Puppy Development Milestones
by Janice Jones |Last Updated 05-05-2021
Just as in human development, puppy development milestones follows a very predictable sequence of steps, although there is no widespread agreement on the exact ages that these milestones occur. Small dogs grow and develop quickly and often reach maturity before larger breeds.
Puppy development follows a predicable path yet each puppy is unique and each breed is slightly different at the various stages of development. The old rule of each year of a dog’s life is equivalent on seven years for human is not completely accurate.
For most small dogs, including the Shih Tzu, the average life span is approximately 15 --16 years. Small dogs mature early and females often have their first heat by the age of 6 or 7 months. By the age of 12 or 13 months, they are often ready to be bred.
Many changes take place in the first year of a Shih Tzu Puppy's life.
Puppies go from a relatively helpless neonate who cannot see or hear or eliminate by himself to a fully grown, agile, sexually mature adult all in less than 12 months.
When do all of these changes take place?
There are seven recognized stages of puppy development:
Stage One: 0-3 Weeks
Stage Two: 3 to 7 Weeks
Stage Three: 7 to 12 Weeks
Stage Four: 12-17 weeks
Stage Five: 17 to 40 Weeks
Stage Six: 40 to 52 Weeks
Stage Seven: 1 year and older
We will first look at puppy development week by week.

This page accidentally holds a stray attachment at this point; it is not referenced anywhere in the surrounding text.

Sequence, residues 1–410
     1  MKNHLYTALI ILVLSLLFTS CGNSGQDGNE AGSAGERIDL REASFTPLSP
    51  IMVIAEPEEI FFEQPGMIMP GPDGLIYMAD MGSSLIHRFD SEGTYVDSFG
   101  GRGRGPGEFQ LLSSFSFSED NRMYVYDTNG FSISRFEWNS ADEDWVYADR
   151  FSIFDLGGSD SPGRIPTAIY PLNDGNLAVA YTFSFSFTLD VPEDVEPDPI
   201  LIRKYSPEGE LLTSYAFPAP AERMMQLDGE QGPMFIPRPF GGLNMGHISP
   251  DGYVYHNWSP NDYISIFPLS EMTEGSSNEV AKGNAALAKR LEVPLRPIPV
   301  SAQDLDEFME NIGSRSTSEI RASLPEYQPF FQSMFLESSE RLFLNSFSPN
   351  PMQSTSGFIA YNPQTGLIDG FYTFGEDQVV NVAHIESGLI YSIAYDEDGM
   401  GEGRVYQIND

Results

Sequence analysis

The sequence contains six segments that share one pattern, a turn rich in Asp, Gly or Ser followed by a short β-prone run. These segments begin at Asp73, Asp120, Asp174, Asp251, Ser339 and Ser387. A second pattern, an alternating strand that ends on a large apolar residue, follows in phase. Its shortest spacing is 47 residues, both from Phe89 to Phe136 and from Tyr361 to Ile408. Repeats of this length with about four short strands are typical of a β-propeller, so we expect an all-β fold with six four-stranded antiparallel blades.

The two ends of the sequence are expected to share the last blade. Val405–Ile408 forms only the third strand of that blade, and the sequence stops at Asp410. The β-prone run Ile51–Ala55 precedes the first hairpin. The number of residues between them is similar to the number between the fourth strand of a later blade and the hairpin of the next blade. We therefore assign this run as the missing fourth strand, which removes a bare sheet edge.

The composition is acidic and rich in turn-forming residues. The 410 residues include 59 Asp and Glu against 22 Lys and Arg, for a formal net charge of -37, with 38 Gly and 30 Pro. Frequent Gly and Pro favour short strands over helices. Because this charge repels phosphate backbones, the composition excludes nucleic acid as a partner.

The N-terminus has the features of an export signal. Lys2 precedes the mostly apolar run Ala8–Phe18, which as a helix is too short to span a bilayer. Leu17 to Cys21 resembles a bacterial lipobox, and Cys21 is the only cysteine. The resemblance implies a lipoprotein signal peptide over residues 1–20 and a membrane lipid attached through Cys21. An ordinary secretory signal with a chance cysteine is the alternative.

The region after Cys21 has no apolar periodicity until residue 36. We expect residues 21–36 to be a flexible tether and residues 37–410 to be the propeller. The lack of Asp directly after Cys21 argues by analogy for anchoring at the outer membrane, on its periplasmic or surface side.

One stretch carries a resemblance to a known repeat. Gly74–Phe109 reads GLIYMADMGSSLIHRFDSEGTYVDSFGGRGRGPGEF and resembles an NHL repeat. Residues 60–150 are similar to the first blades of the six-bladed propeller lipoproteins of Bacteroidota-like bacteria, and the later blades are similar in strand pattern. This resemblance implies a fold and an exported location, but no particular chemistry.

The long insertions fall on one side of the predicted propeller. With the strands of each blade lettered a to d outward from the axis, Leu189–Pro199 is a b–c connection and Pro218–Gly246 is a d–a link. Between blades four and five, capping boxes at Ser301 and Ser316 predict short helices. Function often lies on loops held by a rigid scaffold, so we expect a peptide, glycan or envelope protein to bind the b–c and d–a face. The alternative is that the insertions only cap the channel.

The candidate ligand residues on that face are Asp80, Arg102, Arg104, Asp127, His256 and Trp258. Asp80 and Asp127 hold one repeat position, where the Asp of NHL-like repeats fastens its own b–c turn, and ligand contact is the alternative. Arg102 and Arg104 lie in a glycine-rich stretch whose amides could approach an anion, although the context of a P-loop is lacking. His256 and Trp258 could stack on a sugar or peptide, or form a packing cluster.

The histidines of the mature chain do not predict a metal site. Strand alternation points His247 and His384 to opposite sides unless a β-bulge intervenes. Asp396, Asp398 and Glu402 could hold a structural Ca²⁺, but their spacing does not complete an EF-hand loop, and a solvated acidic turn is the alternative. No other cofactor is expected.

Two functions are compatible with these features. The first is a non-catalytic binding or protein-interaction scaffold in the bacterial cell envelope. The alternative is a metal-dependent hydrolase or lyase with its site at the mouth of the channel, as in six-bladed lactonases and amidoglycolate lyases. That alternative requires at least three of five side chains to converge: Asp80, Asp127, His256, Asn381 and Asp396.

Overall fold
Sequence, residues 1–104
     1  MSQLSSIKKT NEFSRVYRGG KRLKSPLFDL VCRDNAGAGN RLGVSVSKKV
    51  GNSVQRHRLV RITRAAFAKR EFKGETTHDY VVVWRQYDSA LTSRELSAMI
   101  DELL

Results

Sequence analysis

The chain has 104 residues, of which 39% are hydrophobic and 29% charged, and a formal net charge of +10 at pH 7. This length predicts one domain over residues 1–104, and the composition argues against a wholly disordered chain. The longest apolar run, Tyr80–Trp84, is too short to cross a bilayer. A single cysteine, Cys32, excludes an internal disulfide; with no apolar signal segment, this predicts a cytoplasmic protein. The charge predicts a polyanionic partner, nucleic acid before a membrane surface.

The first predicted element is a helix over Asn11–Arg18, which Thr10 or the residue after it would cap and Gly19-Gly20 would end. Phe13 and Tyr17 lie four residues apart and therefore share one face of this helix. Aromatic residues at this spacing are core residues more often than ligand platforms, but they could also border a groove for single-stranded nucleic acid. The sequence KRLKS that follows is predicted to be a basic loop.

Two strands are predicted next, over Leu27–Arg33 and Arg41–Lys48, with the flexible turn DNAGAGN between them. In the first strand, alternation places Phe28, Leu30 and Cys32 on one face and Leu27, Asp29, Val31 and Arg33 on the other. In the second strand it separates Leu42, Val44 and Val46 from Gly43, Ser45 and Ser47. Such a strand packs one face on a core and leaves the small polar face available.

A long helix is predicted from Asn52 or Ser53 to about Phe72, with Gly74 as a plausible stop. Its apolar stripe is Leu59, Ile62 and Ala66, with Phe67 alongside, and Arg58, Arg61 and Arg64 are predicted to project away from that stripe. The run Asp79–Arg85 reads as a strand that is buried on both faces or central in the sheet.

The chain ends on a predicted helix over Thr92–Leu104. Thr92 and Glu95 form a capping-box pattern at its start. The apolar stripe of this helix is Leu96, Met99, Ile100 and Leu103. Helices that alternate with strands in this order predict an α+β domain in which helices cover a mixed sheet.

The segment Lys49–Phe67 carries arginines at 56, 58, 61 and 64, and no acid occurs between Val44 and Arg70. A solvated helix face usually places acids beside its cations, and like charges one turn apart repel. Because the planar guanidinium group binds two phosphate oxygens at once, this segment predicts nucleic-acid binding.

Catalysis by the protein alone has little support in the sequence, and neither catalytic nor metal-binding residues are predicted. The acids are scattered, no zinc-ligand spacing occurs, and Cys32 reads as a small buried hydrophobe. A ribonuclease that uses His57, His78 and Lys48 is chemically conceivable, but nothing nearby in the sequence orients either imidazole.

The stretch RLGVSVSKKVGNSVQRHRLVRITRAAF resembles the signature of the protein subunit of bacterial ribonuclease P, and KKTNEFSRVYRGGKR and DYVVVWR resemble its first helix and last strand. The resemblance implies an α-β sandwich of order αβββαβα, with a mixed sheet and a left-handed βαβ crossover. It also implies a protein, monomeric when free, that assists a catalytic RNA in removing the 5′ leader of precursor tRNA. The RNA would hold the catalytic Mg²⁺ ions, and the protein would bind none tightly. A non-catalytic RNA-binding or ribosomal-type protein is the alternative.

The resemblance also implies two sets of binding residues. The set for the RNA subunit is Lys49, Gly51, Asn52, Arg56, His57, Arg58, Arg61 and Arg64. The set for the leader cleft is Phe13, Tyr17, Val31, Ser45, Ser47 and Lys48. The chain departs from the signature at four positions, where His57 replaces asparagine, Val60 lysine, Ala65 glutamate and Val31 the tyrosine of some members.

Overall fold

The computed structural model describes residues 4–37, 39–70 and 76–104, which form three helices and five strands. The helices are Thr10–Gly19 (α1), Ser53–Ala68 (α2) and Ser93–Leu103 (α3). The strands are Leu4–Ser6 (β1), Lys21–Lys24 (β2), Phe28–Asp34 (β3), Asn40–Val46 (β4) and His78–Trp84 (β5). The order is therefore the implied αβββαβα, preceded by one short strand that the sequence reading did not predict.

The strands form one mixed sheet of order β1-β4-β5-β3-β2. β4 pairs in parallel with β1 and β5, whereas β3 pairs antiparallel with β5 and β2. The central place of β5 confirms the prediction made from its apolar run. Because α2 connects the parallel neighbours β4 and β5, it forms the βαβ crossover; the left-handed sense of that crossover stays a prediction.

You Tube Puppy Development Series
Visit my YouTube Channel to see a series of Puppy Development Videos of Poppy's puppies beginning at birth.
Puppy Development: One to Two Weeks: Neonatal Stage
One Day Olds
This puppy is a week old, eyes and ears closed. She depends on her mother for warmth, nourishment, and assistance with elimination.
- Touch, Taste, Smell Working, but hearing and sight is not working,
- Recognizes pain
- Sleeps and Eats most of the time
- Cannot regulate their body temperature
- Cannot eliminate on their own--needs mother to initiate urination and defecation
- Dependent on mother for food and elimination
- If canine mother is not available, human interactions must take over providing warmth, food and elimination
- Dependent on breeder for warm environment
- First worming at the end of this stage
Puppy Development Milestones: 2-3 Weeks: Transitional Stage
Two Week Old Shih Tzu Puppy.
- Eyes and Ears open allowing the puppy to see and hear things in their environment
- May be able to eat some solid food by end of this period
- First major learning period occurs
- First few steps
- Still need for warmth
- Beginning of social interactions with litter mates, mother, and humans
Puppy Development Milestones: 3-4 Weeks
Here is a 3 week old Shih Tzu puppy with her eyes open and she is trying to sit.
- Puppies begin to understand that humans are different from dogs
- First introduction to canine manners from mother dog
- More aware of litter mates and Some play fighting may occur among litter mates
- Eats solid foods, but continues to nurse
- Begins to eliminate on own
- Becomes more stable on their four paws
- Regulate their own body temperature
- Prefer to sleep next to or in a heap with litter mates
- Start to drink water